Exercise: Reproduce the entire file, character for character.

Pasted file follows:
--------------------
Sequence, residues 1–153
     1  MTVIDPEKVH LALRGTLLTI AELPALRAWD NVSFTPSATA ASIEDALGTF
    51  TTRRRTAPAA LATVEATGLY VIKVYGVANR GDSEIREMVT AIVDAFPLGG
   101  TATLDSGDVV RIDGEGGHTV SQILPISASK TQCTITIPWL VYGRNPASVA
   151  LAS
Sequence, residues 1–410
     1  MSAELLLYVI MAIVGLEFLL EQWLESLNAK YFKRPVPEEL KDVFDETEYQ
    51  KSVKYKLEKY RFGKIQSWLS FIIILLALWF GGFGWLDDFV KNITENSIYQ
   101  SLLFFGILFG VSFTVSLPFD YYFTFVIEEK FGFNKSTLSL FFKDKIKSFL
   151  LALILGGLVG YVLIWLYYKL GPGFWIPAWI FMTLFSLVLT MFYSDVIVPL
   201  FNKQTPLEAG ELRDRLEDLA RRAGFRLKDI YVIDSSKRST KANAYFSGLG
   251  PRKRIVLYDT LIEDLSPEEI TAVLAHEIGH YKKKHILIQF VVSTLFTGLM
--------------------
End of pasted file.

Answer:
Sequence, residues 1–153
     1  MTVIDPEKVH LALRGTLLTI AELPALRAWD NVSFTPSATA ASIEDALGTF
    51  TTRRRTAPAA LATVEATGLY VIKVYGVANR GDSEIREMVT AIVDAFPLGG
   101  TATLDSGDVV RIDGEGGHTV SQILPISASK TQCTITIPWL VYGRNPASVA
   151  LAS
Sequence, residues 1–410
     1  MSAELLLYVI MAIVGLEFLL EQWLESLNAK YFKRPVPEEL KDVFDETEYQ
    51  KSVKYKLEKY RFGKIQSWLS FIIILLALWF GGFGWLDDFV KNITENSIYQ
   101  SLLFFGILFG VSFTVSLPFD YYFTFVIEEK FGFNKSTLSL FFKDKIKSFL
   151  LALILGGLVG YVLIWLYYKL GPGFWIPAWI FMTLFSLVLT MFYSDVIVPL
   201  FNKQTPLEAG ELRDRLEDLA RRAGFRLKDI YVIDSSKRST KANAYFSGLG
   251  PRKRIVLYDT LIEDLSPEEI TAVLAHEIGH YKKKHILIQF VVSTLFTGLM